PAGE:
Objective vs subjective

Yehuda asks:

Is there a solid line between objective and subjective evaluation? Most people don’t agree with my particular assessment of Saint Petersburg, and not only due to my subjective criticisms. It’s possible that my objective criticisms are more subjective than I am willing to believe. Is it tautological that when people disagree about a criticism that it must be subjective? Or do we just fundamentally disagree on the conclusions? Have I simply not been articulate enough in my objective criticisms?

I think Yehuda’s critical assessment of St. Petersburg (see Yehuda’s comments on Geek) is pretty much spot-on. He highlights the game’s shortcomings well. I agree with most of what he says on the game, thus I think most of what he says is really objective assessment of St. Petersburg.

Where it comes down is that while the flaws the game has are objective, what they mean for enjoying the game is not. I like the game, despite its flaws. The flaws do mean that I rarely play the game anymore, after about 50 games — most of the time I play it in Jyväskylä, where my mother and her gang really love the game, and it’s always great fun to play with them. That is, of course, more a function of the gamers and not the game.

The fact that I don’t actually enjoy playing the game with just about anybody is telling. Compare that to Puerto Rico, which I think is far superior as a game and which I still enjoy playing in BSW, for example.

Of course, the fact that a game is flawed doesn’t have to mean it can’t be fun. Many people enjoy games like Monopoly and Betrayal at House on the Hill, despite certain problems those games have.

Here it might be a good idea to separate flaws that lead to subjective assessments of the game. Take Monopoly, for example: I’m not sure it has flaws that cause it to be a bad game. There are flaws that can lead to someone hating the game, but someone else can still have a good time with the game. That’s different from a real problem, like a lock-out, a broken strategy or a gratuitous random element.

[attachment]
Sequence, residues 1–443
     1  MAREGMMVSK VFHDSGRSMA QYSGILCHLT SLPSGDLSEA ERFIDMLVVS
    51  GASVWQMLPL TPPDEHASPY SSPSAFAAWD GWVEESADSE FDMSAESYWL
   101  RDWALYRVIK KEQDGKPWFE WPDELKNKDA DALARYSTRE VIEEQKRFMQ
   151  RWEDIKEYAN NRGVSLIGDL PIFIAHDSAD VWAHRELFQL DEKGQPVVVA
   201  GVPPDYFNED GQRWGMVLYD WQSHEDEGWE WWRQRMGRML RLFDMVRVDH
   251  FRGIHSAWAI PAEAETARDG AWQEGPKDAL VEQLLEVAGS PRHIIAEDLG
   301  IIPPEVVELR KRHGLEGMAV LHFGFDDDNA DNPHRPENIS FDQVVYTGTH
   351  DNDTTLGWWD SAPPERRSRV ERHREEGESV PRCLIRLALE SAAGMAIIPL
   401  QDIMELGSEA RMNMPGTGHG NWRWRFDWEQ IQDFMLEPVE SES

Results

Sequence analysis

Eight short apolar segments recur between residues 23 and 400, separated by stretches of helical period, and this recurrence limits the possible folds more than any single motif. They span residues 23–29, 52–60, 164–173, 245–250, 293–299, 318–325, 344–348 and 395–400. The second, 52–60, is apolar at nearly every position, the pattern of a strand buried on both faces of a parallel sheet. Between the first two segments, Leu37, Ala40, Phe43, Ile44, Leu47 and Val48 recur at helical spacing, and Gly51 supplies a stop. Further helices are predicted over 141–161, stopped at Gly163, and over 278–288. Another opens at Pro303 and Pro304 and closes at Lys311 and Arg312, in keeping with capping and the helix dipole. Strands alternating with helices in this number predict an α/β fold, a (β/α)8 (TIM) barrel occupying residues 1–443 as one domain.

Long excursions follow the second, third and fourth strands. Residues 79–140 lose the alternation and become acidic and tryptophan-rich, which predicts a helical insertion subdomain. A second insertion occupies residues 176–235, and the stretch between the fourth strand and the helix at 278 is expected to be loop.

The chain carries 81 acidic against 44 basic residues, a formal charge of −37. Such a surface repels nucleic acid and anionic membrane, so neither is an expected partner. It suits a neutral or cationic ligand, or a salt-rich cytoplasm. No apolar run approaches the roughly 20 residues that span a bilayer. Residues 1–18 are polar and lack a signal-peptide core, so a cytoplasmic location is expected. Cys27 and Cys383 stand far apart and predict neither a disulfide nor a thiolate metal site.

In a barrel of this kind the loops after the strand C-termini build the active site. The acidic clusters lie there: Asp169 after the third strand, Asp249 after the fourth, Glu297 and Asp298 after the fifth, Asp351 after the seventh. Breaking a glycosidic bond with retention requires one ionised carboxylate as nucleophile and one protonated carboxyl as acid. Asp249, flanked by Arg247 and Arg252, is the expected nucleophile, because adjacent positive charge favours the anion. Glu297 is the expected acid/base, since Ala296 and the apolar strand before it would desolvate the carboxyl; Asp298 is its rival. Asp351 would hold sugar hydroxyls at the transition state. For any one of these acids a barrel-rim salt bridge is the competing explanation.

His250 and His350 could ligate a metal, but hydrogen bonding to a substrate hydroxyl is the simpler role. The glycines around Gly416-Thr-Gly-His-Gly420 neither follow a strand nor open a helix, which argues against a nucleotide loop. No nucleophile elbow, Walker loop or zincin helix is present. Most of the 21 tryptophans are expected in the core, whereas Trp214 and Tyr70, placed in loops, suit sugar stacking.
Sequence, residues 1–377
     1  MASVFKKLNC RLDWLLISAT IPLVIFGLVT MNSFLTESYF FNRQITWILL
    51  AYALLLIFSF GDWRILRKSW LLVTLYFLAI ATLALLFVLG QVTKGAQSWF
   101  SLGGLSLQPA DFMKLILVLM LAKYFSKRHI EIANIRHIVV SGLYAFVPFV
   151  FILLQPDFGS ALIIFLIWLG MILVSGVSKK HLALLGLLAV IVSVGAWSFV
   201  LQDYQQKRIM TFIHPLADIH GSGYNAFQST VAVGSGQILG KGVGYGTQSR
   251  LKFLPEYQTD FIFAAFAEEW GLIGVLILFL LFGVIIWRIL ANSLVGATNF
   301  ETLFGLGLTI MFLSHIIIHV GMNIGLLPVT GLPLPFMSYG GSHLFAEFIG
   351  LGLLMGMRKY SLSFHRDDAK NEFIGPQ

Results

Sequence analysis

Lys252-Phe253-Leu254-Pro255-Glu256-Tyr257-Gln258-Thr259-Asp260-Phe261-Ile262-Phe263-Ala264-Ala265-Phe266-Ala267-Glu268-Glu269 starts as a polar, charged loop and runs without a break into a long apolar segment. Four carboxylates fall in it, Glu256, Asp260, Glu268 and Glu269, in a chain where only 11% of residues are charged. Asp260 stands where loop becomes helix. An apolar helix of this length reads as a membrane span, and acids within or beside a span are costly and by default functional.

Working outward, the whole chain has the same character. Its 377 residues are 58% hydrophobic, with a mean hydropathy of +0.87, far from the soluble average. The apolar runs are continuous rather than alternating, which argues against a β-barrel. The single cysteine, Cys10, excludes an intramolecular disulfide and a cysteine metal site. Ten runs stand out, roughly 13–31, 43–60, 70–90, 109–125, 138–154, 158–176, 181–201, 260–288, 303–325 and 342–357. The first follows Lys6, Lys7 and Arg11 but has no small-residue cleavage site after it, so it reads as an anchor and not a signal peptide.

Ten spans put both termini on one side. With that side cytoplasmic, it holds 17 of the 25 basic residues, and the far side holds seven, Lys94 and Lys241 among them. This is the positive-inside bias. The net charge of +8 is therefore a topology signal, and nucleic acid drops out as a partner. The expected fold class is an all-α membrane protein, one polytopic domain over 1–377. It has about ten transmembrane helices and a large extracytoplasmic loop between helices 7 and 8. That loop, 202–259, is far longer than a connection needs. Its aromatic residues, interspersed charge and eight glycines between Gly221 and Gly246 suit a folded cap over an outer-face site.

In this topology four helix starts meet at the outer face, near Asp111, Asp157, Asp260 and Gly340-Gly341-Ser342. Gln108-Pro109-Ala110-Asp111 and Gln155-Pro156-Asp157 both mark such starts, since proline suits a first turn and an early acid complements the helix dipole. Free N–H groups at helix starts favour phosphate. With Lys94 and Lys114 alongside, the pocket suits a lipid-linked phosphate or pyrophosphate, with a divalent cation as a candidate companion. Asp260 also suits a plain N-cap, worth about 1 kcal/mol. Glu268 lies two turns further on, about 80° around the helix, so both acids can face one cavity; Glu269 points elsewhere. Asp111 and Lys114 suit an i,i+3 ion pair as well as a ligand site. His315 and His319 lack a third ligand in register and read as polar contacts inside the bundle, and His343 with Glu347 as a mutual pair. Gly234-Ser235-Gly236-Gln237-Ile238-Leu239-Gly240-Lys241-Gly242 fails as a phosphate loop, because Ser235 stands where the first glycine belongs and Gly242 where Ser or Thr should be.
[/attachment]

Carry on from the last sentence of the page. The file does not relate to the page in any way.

I understand Betrayal at House on the Hill has some serious problems with the rules and things that seem like they haven’t been thought out properly, yet still people can have fun with it. Looking at the comments from people who’ve given it perfect rating on Geek, it seems they enjoy the game despite its problems — the problems are there, yet they don’t ruin the experience.

After this long-winding entry, which is a proof that Yehuda is right about outsider editing for blog entries being a really good thing, here’s my answers for Yehuda’s questions: there is a line between objective and subjective evaluation, but it’s hard to set and easy to muddle. I think some of Yehuda’s (or anybody’s) objective criticism is actually subjective. It is possible to disagree with some criticism, though some of Yehuda’s points on St. Petersburg are very hard to disagree with, and there he has hit the objective criticism. There is definitely fundamental disagreement on the conclusions: some things Yehuda mentions bother me, some don’t. I notice those flaws in the game, yet I like it anyway.

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One thought on “Objective vs subjective”

  1. I disagree about Betrayal. It’s an experience game, and the experience is literally put on hold when you pull an Underground River upstairs or experience some other problem that was errata’d.

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